“It is important to understand these programs can and do change, and producers who are interested in participating should contact their local Farm Service Agency office to learn about current eligibility and terms,” said Hagerman ’09, Texas A&M Department of Agricultural Economics.

— Programs Offered by USDA’s Risk Management Agency, RMA. Federal crop insurance, administered by RMA, provides coverage for agricultural producers, with producers paying for a share of the premium. Row crops have long been covered by Multi-Peril Crop Insurance policies such as Revenue Protection and Yield Protection, that are familiar to crop producers.

“Under the Federal Crop Insurance Act of 1980, spending on livestock policies was limited to $20 million per fiscal year,” Fischer said. “As a result, while RMA offered crop insurance policies for livestock producers, participation was very limited. The $20 million limitation was eliminated in the Bipartisan Budget Act of 2018, and the impact could be seen almost immediately.” 

For example, Fischer noted the change resulted in an order-of-magnitude increase in the liability insured by livestock policies at RMA—increasing from just over $500 million in 2018 to just over $6 billion in 2019.  By 2021, the liability insured by livestock policies had grown to more than $14 billion.

He noted a new policy currently under development would provide revenue coverage for weaned calves.

“One insurance product that will soon come on the market that we mention in the publication, Weaned Calf Revenue Protection, is being developed by AgriLogic here in College Station,” he said.

— Risk Management Using the Futures Market. Trading futures has evolved over time to serve as a pillar of risk management in agricultural production as well as one of agriculture’s primary methods of price discovery. Futures contracts originated as a mechanism to reduce the risk of trading grains from harvest to delivery, and now futures contracts exist for a variety of commodities, including grains, livestock, commodities, energy, metals and financial derivatives that represent companies and financial instruments.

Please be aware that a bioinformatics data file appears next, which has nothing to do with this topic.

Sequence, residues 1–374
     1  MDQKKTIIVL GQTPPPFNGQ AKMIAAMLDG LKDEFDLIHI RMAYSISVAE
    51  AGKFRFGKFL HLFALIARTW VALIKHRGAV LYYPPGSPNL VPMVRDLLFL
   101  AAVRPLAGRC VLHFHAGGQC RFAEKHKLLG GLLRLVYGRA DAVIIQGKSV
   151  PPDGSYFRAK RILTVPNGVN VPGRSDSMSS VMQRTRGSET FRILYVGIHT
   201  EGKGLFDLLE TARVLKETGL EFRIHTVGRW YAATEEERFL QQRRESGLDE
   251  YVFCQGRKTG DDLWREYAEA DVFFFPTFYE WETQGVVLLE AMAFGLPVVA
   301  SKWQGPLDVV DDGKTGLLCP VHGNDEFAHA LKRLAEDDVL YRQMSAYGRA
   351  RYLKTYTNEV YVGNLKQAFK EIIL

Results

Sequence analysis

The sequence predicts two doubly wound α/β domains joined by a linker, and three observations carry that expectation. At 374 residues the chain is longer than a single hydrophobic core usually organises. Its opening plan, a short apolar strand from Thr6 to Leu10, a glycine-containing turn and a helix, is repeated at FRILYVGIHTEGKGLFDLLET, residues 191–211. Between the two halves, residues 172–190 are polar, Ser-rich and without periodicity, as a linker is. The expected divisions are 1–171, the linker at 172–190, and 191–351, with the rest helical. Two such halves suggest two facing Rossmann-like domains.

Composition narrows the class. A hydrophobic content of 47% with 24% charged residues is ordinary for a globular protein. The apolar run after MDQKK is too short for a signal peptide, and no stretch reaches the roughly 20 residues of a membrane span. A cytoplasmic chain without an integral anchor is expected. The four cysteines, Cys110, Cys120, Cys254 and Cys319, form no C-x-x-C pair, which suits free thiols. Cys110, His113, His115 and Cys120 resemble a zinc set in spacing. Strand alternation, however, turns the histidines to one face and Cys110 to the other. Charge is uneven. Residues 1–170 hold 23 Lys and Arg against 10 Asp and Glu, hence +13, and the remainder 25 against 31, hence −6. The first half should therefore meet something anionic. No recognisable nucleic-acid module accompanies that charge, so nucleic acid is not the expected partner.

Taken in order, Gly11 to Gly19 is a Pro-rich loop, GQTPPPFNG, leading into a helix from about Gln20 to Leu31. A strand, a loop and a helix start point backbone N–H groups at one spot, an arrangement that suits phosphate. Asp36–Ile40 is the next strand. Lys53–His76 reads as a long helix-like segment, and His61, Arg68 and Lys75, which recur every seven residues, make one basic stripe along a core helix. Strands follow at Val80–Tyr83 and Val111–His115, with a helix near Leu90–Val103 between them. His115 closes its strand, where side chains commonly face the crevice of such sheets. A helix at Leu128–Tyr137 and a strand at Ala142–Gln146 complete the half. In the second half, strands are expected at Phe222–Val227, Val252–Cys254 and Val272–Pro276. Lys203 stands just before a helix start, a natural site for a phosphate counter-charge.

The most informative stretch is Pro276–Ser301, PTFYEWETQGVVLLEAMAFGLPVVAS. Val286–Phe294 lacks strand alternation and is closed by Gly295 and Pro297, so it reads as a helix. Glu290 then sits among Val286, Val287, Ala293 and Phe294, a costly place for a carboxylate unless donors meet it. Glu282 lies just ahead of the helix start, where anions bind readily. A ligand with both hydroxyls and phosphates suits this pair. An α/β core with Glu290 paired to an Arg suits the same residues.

“Futures markets provide buyers and sellers of commodities with the opportunity to establish prices for future delivery,” Benavidez said. “It is a means of mitigating risk through a central marketplace that serves as a clearinghouse and establishes the rules of the game for buyers and sellers.”

After reviewing hedging, discussing budgets and break-even prices, and detailing the structure of futures and options contracts, this section provides brief examples of hedging strategies using futures and options, he said.

The publication also includes a checklist for producers to use in evaluating the various options at their disposal. 

“Our hope is that producers will take the opportunity to avail themselves of the litany of tools that are available,” Fischer said.